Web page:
My golly, you’ve got to hand it to them. The Senior Center in Vista’s luncheon staff has made a bare-bones dining room into a pleasant place to lunch and socialize. With pretty patterned placemats and napkins and inexpensive centerpieces, they have made economical ambiance. With round tables seating eight to 10, service by senior volunteers is fast and relatively easy.
The food? For those who, like us, prefer a substantial meal at noon, it’s wholesome and tasty. For those seniors who like salad and soup, that’s always an option. Best of all: the cost for those over 60 years of age is $3.50. Under 60? The tab is $6. We paid by putting our “donation” into a box in the lobby and since the real, unsubsidized cost is about $5, that’s what we put in the box. We still had a $10 lunch, our budget ceiling.
This hot lunch program is supported by Older Americans Act funds, awarded through San Diego County Aging and Independent Services and the city of Vista. Nearly 70 to 100 seniors take advantage of the meal daily. A notice says nobody is turned away for lack of funds. Another 100 to 200 meals are cooked and delivered.
Back when Letty was single, she ate at the Senior Center almost daily, and had samples of nearly all the good meals the hardworking cooks create. Five staff members man the kitchen, and at one time “they made more than 800 lunches a day,” according to volunteer Betty Bowden who has been at the center for 34 years. Since the program began the year before she volunteered, she qualifies as a real expert. As she remembers, Gloria McClellan was instrumental in getting the lunches started and administered so that many meals are served and many more delivered daily.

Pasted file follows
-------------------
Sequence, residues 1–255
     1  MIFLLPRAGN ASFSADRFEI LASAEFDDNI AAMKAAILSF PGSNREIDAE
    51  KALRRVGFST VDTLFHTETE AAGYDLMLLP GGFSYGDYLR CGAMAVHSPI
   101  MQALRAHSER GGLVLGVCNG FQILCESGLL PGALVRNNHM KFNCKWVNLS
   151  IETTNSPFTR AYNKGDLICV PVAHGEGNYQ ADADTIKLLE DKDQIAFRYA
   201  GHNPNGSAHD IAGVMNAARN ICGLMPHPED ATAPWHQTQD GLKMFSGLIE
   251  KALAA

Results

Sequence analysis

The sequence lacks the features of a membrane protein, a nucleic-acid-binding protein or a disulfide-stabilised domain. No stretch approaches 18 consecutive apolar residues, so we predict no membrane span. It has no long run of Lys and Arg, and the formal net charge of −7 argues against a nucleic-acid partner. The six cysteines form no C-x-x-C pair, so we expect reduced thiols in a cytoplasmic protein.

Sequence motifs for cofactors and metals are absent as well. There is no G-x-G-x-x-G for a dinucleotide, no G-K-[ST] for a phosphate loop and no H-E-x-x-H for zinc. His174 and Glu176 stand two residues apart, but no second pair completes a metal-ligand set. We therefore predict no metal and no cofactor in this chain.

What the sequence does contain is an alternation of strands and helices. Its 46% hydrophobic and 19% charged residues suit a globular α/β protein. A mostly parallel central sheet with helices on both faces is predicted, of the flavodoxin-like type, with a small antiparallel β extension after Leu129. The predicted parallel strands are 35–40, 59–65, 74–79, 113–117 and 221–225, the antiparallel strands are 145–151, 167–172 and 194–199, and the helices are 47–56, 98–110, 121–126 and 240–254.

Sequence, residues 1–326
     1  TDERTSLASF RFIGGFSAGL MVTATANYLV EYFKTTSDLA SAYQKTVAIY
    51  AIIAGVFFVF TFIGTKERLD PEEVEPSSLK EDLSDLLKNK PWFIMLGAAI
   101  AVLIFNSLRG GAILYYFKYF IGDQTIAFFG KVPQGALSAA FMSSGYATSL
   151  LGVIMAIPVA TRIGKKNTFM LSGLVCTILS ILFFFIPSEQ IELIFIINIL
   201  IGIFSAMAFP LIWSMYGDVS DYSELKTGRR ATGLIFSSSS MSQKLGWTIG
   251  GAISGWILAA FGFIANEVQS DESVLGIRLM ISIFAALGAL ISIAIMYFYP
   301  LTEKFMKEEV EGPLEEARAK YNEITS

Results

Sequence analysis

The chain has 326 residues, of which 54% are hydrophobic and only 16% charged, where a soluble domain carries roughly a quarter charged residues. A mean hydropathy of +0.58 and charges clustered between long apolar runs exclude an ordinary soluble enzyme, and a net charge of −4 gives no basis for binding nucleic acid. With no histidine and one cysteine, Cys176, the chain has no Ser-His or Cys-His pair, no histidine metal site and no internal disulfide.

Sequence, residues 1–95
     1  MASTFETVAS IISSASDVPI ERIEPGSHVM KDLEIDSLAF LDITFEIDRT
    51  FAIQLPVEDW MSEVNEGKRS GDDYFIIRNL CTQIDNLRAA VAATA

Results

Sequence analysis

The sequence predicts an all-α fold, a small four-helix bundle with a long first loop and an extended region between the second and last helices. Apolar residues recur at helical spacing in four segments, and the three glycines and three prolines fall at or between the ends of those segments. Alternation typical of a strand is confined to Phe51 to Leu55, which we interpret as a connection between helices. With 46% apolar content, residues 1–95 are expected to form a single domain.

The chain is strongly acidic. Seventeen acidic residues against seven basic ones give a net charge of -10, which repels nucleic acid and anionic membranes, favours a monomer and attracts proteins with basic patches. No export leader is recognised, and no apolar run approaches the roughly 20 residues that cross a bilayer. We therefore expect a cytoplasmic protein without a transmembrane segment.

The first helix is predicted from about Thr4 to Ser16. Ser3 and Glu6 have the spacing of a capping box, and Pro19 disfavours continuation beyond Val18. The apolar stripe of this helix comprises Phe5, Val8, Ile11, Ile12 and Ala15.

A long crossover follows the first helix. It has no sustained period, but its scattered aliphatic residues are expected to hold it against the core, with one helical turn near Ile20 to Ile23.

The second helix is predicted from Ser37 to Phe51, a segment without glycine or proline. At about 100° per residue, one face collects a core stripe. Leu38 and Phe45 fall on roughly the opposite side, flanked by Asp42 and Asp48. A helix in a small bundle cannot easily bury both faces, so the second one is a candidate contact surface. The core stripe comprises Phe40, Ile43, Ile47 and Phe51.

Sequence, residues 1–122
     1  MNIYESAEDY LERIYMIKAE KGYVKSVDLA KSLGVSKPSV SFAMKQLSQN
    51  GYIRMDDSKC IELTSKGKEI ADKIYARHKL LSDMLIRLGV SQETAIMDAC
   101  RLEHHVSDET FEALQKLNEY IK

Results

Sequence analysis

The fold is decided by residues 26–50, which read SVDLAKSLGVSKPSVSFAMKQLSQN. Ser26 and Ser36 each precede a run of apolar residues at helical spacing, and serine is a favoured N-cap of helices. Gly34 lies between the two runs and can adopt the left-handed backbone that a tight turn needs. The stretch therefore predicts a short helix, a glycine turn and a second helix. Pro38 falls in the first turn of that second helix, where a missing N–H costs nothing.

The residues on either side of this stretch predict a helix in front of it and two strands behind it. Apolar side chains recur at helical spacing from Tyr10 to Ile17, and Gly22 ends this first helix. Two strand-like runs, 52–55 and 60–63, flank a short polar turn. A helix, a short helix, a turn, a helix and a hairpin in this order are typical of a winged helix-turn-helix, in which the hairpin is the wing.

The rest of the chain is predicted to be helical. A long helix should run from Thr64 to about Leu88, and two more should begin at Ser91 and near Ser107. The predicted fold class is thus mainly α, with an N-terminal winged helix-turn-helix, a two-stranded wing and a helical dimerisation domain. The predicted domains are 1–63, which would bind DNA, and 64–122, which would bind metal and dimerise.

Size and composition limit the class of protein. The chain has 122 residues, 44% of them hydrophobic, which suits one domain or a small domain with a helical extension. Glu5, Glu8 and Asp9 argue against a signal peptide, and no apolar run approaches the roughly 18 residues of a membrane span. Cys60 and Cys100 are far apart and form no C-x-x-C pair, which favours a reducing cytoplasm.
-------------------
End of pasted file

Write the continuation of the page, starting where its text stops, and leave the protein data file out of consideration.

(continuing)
“Don’t confuse that with Meals on Wheels,” Bowden added. “That’s another program.”
Each month, a committee plans the menus, then prints them so the public can decide what days to patronize. The printout is available in the lobby of the original center. Here is a short list of the menus for this month: Roasted chicken in mushroom sauce with rice pilaf, French vegetables, buttered beets, and tropical fruit for dessert. The soup and sandwich crowd had tuna salad and vegetable soup. Battered fish fillet with potato wedges, cole slaw, roll, and peach-raisin crisp. Taco salad and tortilla soup were the option. Other days saw chicken pot pie, pork shank with gravy, and even on Dec. 23 a Holiday Buffet with ham, asparagus, scalloped potatoes and optional chicken.
Here’s a real plus: Entertainers of all stripes and ability perform on the stage above the dining area. On Thursdays, it’s veterans Glydell Knight and Don Waters on the piano and horn; on Wednesdays it’s Leona Puckett on piano, etc. When Letty was a regular (and there are many) the piano was venerable, to say the least, and not very tuned. Nobody minded.
Her experience was that the lunches were a great boon for seniors who lived alone and struggled financially. The sociability and the nutrition kept them going for years and years. And kept them coming back.
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